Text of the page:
At a recent meeting of the Resolution Foundation think tank the topic of overtime was debated. It was suggested that many workers are reliant on the earnings that comes from their overtime, with overtime typically representing 12% of the earnings of workers. One in 10 employees in the UK regularly works overtime.
Unlike other countries, overtime is not regulated in the UK. At the recent meeting of the Resolutions Foundation questions were asked in order to clarify the rules of overtime:
- There should be a set premium rate for overtime
- There should be a maximum number of hours that can be worked before the work is seen as overtime, and then subject to a premium rate
- There should be a limit on the hours of overtime that can be worked
These debates continue, but it is useful to take the opportunity to review the legislation that currently impacts the working of overtime.
Top Tips to Manage Employee Overtime
- There is no legal obligation to pay a premium rate for any hours of overtime worked. However, there could be a contractual obligation. If you have set out in your contracts of employment that premium rates will be paid then you must pay them.
- If you have an individual working a zero hours contract then there is no requirement to start treating hours as overtime after a specific number of hours have been worked. Again, if you have specified in your contract that any hours after a specific amount of time will be overtime you need to honour this. Otherwise, you do not need to separate out normal and overtime working.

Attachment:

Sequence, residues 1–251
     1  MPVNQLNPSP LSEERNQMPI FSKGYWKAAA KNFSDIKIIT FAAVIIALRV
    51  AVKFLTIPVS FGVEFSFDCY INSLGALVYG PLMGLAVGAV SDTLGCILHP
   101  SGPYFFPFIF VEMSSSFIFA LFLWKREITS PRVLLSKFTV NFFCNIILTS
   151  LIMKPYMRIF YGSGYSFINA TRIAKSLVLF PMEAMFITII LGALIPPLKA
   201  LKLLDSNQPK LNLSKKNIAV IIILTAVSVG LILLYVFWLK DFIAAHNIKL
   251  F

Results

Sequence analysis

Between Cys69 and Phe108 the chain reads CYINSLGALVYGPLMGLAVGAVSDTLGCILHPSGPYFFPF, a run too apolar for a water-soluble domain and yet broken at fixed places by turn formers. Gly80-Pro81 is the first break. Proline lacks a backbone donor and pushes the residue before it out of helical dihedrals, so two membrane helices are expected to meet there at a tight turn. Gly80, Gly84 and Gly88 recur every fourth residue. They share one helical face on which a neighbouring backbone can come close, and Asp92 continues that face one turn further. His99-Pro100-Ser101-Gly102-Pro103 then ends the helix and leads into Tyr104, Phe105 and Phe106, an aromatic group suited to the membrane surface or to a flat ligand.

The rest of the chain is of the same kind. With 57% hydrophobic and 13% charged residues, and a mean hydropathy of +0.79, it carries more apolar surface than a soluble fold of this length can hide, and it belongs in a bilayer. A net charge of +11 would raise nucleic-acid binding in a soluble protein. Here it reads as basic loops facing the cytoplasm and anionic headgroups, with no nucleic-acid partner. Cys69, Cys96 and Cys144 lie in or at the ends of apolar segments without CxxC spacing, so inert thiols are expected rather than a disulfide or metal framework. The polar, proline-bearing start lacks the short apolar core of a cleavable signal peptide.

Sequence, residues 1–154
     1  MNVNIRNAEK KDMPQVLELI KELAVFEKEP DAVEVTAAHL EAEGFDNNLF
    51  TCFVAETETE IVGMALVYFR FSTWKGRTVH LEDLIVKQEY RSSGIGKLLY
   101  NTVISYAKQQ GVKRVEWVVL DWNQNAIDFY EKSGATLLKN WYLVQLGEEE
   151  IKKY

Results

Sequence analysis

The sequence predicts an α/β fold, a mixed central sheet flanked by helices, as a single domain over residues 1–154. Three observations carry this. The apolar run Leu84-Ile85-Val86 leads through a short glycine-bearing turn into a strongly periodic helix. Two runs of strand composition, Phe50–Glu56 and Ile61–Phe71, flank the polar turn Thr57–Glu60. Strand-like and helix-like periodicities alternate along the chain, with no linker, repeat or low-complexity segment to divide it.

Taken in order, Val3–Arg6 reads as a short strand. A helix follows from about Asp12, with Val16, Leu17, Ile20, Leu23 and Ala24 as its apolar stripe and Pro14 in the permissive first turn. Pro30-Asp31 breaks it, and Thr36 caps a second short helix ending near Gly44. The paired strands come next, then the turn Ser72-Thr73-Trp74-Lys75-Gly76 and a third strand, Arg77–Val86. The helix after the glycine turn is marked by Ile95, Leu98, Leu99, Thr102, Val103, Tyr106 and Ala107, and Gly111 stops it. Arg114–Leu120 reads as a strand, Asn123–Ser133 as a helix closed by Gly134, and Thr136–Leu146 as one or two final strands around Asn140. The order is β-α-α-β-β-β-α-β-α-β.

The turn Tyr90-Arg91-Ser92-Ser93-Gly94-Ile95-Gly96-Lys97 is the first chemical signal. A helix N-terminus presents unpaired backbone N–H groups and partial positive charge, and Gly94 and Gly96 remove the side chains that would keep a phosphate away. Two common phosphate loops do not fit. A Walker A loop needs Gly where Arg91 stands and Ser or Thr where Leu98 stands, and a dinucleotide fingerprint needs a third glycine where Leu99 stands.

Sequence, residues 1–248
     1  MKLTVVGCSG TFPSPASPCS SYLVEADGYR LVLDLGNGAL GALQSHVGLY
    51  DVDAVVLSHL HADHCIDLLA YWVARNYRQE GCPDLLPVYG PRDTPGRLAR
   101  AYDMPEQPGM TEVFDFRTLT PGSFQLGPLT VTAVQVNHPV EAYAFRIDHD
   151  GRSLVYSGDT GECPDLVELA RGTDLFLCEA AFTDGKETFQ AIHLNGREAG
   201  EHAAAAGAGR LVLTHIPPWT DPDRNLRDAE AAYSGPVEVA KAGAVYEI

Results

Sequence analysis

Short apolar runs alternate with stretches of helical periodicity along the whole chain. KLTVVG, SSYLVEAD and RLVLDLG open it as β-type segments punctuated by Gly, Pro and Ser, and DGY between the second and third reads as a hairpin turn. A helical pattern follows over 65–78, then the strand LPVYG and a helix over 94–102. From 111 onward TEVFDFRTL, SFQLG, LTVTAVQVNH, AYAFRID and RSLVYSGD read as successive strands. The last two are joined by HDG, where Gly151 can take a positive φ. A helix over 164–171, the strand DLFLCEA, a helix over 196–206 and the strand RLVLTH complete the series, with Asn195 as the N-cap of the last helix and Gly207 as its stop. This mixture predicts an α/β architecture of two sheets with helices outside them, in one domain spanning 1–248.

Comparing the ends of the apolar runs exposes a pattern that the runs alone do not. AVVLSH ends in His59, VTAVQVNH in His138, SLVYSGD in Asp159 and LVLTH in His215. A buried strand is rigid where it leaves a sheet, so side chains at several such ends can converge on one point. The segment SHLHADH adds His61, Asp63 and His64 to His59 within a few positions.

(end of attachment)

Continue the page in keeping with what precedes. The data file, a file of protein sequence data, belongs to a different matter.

- There is no maximum number of hours that can be worked before the work is classed as overtime, unless this is specified in the contract of employment. However, an employee should not work more than 48 hours a week (averaged over a 17-week period) unless the employee has signed an ‘opt out’ agreement to signal that they are willing to work additional hours.
- Guaranteed overtime is when an employer promises an employee a set amount of overtime each week. Non-guaranteed overtime is not promised. However, if you always give employees the same amount of overtime every week it could be argued that it will become a contractual obligation through custom and practice. If you do not want this to happen it would be best to vary the amount of overtime that employees are working each week.